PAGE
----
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In Nakahara's book "Geometry, Topology and Physics" (Ch. 8, about the almost complex structure) they write:

Note that any 2$m$-dimensional manifold locally admits a tensor field $J$ [type (1,1)] which squares to $-id_{2m}$ [on $T_pM$].

Now, in view of the definition of almost complex manifold (some pages below in the book):

$M$ is called an a.c.m. if there exists a $(1,1)$-type tensor field $J$ (called the almost complex structure) such that $J_p^2 = -id_{T_pM}$ at each point $p \in M$

it seems to me that the first quoted sentence says something like "every 2$m$-dimensional manifold is almost complex". But, this cannot be true, since $S^4$ is the counterexample.

Where am I wrong?

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    $\begingroup$ locally — yes, globally — no $\endgroup$
    – Grigory M
    Commented Sep 12, 2015 at 9:58

1 Answer 1

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To extend a little bit Grigory's comment:

In geometry and topology you often deal with things that can be defined locally and not globally. Some examples that may already be more familiar to you

  1. Non-vanishing vector fields. Let $M$ be any smooth $n$-manifold and let $U$ be a coordinate chart. Since $U\subset \mathbb{R}^n$ is an open subset, $\partial_{x^1}$ is a non-vanishing vector field on $U$. But we cannot always find a global non-vanishing vector field on $M$.

  2. Orientation. Let $M$ be any smooth $n$-manifold and let $U$ be a coordinate chart. Since $U\subset\mathbb{R}^n$ is an open subset, it is orientable. But $M$ may not be orientable.

  3. Analytic functions. Let $M$ be any compact Riemann surface. Locally there exists many complex analytic functions. Globally there are none.

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  • $\begingroup$ but if such a tensor $J$ exist globally the the manifold is complex. $\endgroup$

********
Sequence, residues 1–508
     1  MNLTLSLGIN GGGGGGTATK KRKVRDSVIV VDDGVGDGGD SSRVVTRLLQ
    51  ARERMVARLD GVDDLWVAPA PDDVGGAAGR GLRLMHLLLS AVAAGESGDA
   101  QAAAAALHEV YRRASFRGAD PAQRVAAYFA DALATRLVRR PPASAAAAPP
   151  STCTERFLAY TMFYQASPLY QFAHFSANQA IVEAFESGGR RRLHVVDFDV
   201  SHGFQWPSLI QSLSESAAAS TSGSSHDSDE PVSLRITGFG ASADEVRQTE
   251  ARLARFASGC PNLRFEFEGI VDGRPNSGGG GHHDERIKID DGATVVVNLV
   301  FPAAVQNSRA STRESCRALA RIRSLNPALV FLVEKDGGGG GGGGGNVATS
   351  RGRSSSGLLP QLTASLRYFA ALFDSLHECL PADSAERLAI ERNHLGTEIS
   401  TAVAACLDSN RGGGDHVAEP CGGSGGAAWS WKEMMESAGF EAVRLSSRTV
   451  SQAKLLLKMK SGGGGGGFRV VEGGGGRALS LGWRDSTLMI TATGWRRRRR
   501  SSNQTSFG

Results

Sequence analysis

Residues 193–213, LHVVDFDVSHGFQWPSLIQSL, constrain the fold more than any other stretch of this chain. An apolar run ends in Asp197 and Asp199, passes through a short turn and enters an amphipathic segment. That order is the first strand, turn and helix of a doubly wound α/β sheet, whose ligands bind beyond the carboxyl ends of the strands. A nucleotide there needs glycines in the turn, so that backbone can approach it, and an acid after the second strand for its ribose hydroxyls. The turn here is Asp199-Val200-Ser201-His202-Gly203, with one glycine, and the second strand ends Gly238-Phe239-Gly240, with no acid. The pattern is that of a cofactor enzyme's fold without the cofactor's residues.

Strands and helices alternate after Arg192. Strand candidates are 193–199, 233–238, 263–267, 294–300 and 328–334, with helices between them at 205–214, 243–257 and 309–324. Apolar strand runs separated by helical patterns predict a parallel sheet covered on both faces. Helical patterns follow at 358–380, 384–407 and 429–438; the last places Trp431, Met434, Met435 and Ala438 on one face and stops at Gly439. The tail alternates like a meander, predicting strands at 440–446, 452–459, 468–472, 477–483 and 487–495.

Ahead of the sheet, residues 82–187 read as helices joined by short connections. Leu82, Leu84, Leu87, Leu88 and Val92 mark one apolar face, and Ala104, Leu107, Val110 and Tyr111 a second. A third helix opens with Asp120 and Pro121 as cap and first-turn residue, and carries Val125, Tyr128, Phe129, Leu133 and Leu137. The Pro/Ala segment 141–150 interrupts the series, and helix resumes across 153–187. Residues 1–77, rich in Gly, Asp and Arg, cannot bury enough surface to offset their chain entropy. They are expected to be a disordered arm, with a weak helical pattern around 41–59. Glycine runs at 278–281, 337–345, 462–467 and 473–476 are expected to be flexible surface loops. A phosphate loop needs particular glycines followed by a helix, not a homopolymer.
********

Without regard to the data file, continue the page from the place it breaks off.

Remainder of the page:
– BLS
    Commented Sep 12, 2015 at 14:47
  • $\begingroup$ Or do you want to say that the first quoted sentence refers to the "local" almost complex structure (in this case every even-dimensional manifold is locally almost complex) and that the second - the definition - refers to the "global" almost complex structure? So $S^4$ is locally almost complex but not globally? And then only if $J$ is globally defined (invariant under change of charts), then the manifold is complex ($J$ is integrable). While in general $J_p$ can be different pointwise in an almost complex manifold. $\endgroup$
    – BLS
    Commented Sep 12, 2015 at 15:01
  • $\begingroup$ Yes. (To your second comment.) $\endgroup$ Commented Sep 13, 2015 at 2:12
  • $\begingroup$ Ok, anyway I think it is better to say that locally every even-dimensional manifold (dimension $2n$) is complex (not just almost complex), since the manifold locally looks like $\mathbb{C}^n$. $\endgroup$
    – BLS
    Commented Sep 13, 2015 at 6:27
  • $\begingroup$ You have to be a lot more careful when you say "manifold locally looks like $\mathbb{C}^n$." In the definition of complex manifold the statement is that charts map specifically to open unit disks in $\mathbb{C}^n$. One of the key things is that if you think of complex geometry your maps should be holomorphic, so differently shaped open sets in $\mathbb{R}^{2n}$, even if they are all contractible, may not be the same complex manifold. $\endgroup$ Commented Sep 13, 2015 at 13:34

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